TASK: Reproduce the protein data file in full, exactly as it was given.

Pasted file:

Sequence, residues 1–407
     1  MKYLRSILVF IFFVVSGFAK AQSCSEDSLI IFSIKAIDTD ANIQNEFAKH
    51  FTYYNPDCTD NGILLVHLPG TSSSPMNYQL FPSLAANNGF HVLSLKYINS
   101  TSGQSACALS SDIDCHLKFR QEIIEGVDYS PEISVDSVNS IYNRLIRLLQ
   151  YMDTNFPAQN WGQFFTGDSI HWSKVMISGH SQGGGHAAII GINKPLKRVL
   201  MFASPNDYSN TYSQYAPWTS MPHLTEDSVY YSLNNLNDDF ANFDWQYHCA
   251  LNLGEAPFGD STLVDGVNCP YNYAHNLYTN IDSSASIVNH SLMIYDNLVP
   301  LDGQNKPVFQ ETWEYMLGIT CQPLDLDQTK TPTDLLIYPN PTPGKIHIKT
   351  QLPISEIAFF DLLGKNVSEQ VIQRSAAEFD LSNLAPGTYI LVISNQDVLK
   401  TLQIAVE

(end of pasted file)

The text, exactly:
Sequence, residues 1–407
     1  MKYLRSILVF IFFVVSGFAK AQSCSEDSLI IFSIKAIDTD ANIQNEFAKH
    51  FTYYNPDCTD NGILLVHLPG TSSSPMNYQL FPSLAANNGF HVLSLKYINS
   101  TSGQSACALS SDIDCHLKFR QEIIEGVDYS PEISVDSVNS IYNRLIRLLQ
   151  YMDTNFPAQN WGQFFTGDSI HWSKVMISGH SQGGGHAAII GINKPLKRVL
   201  MFASPNDYSN TYSQYAPWTS MPHLTEDSVY YSLNNLNDDF ANFDWQYHCA
   251  LNLGEAPFGD STLVDGVNCP YNYAHNLYTN IDSSASIVNH SLMIYDNLVP
   301  LDGQNKPVFQ ETWEYMLGIT CQPLDLDQTK TPTDLLIYPN PTPGKIHIKT
   351  QLPISEIAFF DLLGKNVSEQ VIQRSAAEFD LSNLAPGTYI LVISNQDVLK
   401  TLQIAVE